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Uptown Political Lobbyist Used Nonprofit Head's Wages to Pay IRS, Suit Says

 Lobbyist Luis Miranda Jr.
Lobbyist Luis Miranda Jr.
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INWOOD — An influential lobbyist with close ties to City Council Speaker Melissa Mark-Viverito failed to pay his nonprofit's workers tens of thousands of dollars in wages, using the money to cover an IRS debt instead, a new lawsuit charges. 

Luis Miranda Jr. personally directed money that should have been used to pay employees at the nonprofit Audubon Partnership for Economic Development, which he chairs, to instead pay the IRS a $500,000 debt owed by a progressive Dominican group that hired both Miranda's wife and his independent lobbying firm, court documents say.

The revelation comes in a lawsuit filed in Manhattan Supreme Court on Monday by Carmen Diaz-Santiago, former executive director of Audubon Partnership. She said the organization owes her at least $137,170 in unpaid wages and damages.

The trouble started in 2011, when Audubon Partnership, which provides support for small business owners and landlords who preserve affordable housing, faced financial difficulties due to funding shortages, according to court documents.

Diaz-Santiago, who began working as Audubon's executive director in 2008 and made $75,000 per year, agreed to forego thousands of dollars in wages so that other Audubon employees could be paid, she said in the lawsuit.

Then, in 2013, Audubon merged with the Acacia Network, a nonprofit the focuses on health, education and affordable housing. Acacia agreed to cover Audubon’s outstanding debts of about $150,000, including Diaz-Santiago’s unpaid wages, according to court documents and Miranda's current lobbying group, MirRam.

But Diaz-Santiago never got any money, nor did other employees who were owed back wages, she said in the lawsuit. She asked about the issue in February 2013 and June 2013 but never got a response, the suit said.

Diaz-Santiago got suspicious in June 2013 when she learned that Acacia was taking out a loan against Audubon's building, according to the lawsuit.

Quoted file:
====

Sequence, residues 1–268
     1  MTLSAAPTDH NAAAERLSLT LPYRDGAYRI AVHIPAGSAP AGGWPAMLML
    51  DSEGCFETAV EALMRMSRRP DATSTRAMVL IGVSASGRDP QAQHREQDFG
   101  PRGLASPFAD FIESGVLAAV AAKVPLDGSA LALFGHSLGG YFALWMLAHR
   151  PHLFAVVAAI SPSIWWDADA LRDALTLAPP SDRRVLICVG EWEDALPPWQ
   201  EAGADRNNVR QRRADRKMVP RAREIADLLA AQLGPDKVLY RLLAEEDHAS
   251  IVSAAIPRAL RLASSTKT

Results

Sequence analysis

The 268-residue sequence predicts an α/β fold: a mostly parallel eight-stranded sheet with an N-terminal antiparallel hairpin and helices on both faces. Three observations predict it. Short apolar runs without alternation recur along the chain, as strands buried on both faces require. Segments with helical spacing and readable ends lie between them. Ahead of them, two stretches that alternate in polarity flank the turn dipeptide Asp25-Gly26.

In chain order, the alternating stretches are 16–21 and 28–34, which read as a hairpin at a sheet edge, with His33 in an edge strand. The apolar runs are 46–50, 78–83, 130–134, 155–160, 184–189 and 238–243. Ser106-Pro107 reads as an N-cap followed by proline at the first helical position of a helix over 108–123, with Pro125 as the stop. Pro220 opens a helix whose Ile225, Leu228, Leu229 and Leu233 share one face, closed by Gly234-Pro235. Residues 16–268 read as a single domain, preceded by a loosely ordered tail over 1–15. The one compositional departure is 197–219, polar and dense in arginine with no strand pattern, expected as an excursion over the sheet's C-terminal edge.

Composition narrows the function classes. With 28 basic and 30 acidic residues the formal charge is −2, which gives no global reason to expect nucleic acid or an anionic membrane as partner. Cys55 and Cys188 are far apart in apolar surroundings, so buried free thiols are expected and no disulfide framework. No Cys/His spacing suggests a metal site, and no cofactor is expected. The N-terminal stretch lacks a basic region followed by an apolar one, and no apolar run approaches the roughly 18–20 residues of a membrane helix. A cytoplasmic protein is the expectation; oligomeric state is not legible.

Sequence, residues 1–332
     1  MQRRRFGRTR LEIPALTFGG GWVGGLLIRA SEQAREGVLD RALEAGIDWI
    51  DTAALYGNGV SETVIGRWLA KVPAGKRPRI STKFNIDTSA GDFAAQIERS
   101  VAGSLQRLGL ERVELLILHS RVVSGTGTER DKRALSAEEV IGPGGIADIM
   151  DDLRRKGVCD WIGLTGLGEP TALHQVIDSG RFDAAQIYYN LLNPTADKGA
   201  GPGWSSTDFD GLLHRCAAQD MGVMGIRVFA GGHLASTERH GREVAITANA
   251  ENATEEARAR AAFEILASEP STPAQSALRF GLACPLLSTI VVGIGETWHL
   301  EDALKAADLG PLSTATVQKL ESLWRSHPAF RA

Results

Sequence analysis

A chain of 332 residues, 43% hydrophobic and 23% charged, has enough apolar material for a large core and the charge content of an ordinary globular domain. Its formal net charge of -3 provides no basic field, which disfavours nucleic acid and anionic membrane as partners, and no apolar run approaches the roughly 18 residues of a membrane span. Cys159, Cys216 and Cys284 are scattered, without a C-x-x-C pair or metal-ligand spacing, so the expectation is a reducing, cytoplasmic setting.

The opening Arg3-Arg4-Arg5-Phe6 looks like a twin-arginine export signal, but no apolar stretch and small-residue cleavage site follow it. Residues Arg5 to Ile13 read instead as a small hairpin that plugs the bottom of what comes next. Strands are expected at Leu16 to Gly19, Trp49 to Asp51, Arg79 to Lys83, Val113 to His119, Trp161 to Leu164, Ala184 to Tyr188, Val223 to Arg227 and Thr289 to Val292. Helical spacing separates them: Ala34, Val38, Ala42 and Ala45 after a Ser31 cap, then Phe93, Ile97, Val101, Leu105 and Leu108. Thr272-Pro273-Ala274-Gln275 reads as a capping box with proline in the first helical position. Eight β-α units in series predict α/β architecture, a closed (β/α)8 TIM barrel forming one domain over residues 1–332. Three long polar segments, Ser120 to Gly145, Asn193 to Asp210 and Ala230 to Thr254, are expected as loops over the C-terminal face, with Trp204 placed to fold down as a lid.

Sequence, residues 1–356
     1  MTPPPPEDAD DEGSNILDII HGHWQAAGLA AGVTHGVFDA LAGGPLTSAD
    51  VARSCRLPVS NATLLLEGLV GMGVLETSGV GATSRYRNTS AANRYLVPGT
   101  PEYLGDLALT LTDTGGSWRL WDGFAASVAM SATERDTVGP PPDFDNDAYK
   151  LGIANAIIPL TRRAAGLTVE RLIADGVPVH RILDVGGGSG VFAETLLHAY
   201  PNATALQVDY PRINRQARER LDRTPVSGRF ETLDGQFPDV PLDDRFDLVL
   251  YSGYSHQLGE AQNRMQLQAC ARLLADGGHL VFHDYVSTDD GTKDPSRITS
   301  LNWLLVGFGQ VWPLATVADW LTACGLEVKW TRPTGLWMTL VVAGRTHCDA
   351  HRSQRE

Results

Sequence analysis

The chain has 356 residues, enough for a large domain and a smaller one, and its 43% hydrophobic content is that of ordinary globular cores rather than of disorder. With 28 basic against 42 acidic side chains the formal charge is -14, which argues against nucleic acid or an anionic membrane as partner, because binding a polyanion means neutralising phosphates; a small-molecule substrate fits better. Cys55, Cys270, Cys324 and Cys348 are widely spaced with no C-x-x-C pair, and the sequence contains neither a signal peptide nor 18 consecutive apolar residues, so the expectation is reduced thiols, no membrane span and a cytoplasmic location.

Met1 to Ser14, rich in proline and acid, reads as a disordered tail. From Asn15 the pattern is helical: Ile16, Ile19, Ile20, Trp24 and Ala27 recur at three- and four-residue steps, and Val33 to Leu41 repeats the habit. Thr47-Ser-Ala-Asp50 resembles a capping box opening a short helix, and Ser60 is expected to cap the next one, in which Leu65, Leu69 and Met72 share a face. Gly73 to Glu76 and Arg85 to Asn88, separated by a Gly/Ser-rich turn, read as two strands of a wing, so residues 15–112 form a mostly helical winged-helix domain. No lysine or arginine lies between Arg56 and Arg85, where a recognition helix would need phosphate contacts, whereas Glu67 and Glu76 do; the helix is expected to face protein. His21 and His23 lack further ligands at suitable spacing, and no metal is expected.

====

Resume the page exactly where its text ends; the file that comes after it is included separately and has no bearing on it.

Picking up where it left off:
She assumed that the loan would be used to pay Audubon's debts, including the outstanding staff salaries, but she later learned that the money was used to pay off a $500,000 IRS debt for the Community Association of Progressive Dominicans, another nonprofit that Acacia was in the process of acquiring, the suit said.

Acacia CEO Raul Russi told Diaz-Santiago that Miranda was responsible for the decision on how to spend the money, the suit said.

“I love Miranda like a brother and you might hate to hear this but the building was used to pay the debt of [Community Association of Progressive Dominicans],” Russi said, according to the lawsuit.

The Progressive Dominicans organization had hired Miranda's wife as a consultant at its mental health clinic, and Kim Ramos, who worked for Miranda's MirRam group, was on the organization's board, court documents said.

Neither the Acacia Network nor the Community Association of Progressive Dominicans responded to requests for comment. 

Miranda told DNAinfo New York that Diaz-Santiago's accusation about the loan is untrue. He also said he resigned as chairman of Audubon before June 2013, though he is still listed as chairman on the organization's website.

“There was no loan on the building whatsoever," Miranda said in an email to DNAinfo. "I resigned as Chair when Audubon affiliated with Acacia in May of 2013 and since then have not been involved with Audubon staff or organizational issues.”

A MirRam spokeswoman said the sides are working to settle the lawsuit, but she did not provide further details.

None of the other parties involved, including Diaz-Santiago, responded to questions.

This is not the first time Miranda has come under scrutiny for connections between his lobbying group and nonprofits to which he has ties.

Both the Audubon Partnership and Acacia Network are members of the Hispanic Federation, an umbrella organization founded by Miranda in 1990 that advocates and provides funding to Latino nonprofits. The group now employs the MirRam Group as lobbyists.

MirRam also served as the chief political consultant on Mark-Viverito's campaign for City Council speaker. In her first budget, Mark-Viverito quadrupled the amount of city funding the Hispanic Federation received after MirRam lobbied on the Federation's behalf, Crain's New York reported.  

The New York Post has also reported that Miranda has given political allies jobs at the nonprofit.

Diaz-Santiago was let go by the Acacia Network in August 2014, the lawsuit said. At the time, Acacia COO Pam Mattel promised that Diaz-Santiago would be paid her accrued salary, the suit noted.

“I know that you have worked hard during the past several years to provide economic development opportunities to the local community. Unfortunately, we are unable to sustain this position,” Mattel wrote in a letter referenced in the court documents. “We will make sure that the accrued salary in arrears is sent to you.”

Diaz-Santiago has still not been paid her overdue salary, the suit added.